- Turn the refrigerator down. Fridges make up approximately 20 percent of your total electricity bill. Once you have already detected the energy saving switch on the machine, turn it on. And don’t forget to pay attention to the doors’ gaskets, ensuring they’re sealed tightly.
- When turning on the washing machine, opt for the cold water setting. Use washing detergents that can get rid of stains even on lower temperatures. Going from hot to cold and staying that way, by washing two loads per week, you save about 500 pounds worth of carbon dioxide/CO2 a year (if using an electric water heater). You’ll save 150 pounds of CO2 if you’re using a water heater that runs on gas.
- Run the dishwasher only whenever it is fully loaded. Otherwise, you waste both energy and water for washing just a few of dishes. Check for an energy saving switch on the dishwasher, and if there is one, turn it on. This will allow the dishes to dry naturally, instead of using heat for doing so.
- Turn down the water heater thermostat. Its usual setting is 140 degrees F. However, you can do just as well with 120 degrees F. By reducing even as little as 10 degrees, you will save up to 600 pounds of CO2 each year.
- If your budget allows, buy new, replace old appliances with new energy-efficient ones. Yes, that means additional expenses, but it’s a smart investment, as these appliances typically pay off in the long run. Their lower energy consumption will also reduce your electricity bill.
Home heating and cooling
- Try not to cool or heat your home too much. Maintain a temperature that will make it comfortable for you to be in the house. For example, during the winter, set it to 70 degrees F for the day whereas at night, keep it at 60. As for the summer, a constant temperature of 75 is just fine.
- Clean the filters regularly and replace them whenever necessary. You will waste plenty more energy if both hot-air furnaces and air conditioners have to draw air through dirty air filters.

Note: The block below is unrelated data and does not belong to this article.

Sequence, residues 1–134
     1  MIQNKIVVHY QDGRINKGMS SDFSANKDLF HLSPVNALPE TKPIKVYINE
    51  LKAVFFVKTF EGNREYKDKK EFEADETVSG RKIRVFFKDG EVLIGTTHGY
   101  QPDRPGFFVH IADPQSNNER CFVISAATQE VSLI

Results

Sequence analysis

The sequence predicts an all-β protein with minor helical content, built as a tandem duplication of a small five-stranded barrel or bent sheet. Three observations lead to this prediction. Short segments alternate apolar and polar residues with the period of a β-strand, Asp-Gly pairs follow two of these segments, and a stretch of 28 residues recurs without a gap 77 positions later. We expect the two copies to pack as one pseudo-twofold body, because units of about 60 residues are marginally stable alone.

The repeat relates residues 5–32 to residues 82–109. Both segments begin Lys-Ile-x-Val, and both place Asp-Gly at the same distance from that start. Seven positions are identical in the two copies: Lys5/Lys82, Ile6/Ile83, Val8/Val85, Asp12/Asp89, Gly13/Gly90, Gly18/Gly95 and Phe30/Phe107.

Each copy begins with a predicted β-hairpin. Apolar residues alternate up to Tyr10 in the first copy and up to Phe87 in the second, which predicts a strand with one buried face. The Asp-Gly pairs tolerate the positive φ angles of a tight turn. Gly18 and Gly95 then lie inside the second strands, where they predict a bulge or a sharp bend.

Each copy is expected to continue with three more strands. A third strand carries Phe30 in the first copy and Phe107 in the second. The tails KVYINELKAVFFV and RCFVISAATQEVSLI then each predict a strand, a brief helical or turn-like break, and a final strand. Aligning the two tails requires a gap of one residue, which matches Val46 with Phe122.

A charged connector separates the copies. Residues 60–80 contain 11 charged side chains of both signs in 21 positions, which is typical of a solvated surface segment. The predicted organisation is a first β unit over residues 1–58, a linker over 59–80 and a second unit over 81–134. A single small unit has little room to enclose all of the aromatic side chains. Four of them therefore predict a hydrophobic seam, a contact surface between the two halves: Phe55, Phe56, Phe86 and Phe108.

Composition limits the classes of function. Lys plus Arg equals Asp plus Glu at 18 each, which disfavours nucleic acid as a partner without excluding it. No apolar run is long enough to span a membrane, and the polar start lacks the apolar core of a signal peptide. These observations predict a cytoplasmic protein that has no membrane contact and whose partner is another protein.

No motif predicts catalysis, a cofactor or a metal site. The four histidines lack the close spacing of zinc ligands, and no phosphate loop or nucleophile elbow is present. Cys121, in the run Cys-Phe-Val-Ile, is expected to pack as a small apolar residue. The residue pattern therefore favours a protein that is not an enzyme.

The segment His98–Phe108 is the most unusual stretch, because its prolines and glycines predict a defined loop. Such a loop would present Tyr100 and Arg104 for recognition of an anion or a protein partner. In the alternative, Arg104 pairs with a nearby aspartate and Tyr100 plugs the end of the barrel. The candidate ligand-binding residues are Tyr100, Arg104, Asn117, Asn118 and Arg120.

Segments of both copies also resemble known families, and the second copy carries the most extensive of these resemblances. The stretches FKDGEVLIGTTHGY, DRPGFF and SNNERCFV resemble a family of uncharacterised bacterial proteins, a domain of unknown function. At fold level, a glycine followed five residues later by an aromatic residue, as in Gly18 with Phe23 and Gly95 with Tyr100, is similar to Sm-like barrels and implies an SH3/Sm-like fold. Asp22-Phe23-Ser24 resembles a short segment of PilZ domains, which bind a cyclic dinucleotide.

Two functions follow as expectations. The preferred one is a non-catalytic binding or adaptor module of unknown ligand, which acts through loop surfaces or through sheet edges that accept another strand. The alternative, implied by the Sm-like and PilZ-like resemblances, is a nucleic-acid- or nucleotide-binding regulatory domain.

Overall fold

Small investments that pay off
- Put power savings light bulbs in place of your regular ones. Normal light bulbs consume four times more energy than energy-efficient ones.
- Installing low-flow shower heads is also a smart investment. They reduce hot water usage and cost about $20. They’ll also save 300 pounds of carbon dioxide each year if you are on an electric heater.
- Weatherize your house/apartment. Put insulation and use weather stripping and caulk in order to fill leaks in your walls. That is one way to stop cold drafts from entering your home.Home Improvements
- You can do a little modernizing of your windows so that you could reduce the money you pay for your power bill. Put double-glazed, argon-filled windows in place of your old, ordinary ones.
- Plant a few trees to act as shades to your house. Your house’s color also matters. Dark colors attract sunlight, so if you live somewhere cold, paint your house in a relevant color. Similarly, if you are in a warm area, paint it a light color. The proper color together with shade trees will help reduce energy consumption and save up to 2.4 tons of C02 emission per year.
Photo credit: sciencenavigators.org
Heather Roberts is a content writer from London, UK. She has great flair for decoration and interior design. She is searching for new challenges and hence often moves to different places. Therefore her present article is focused on the best energy savings tips for your new home: If you need more useful and valuable tips for your removal you can contact: removalcompanylondon.com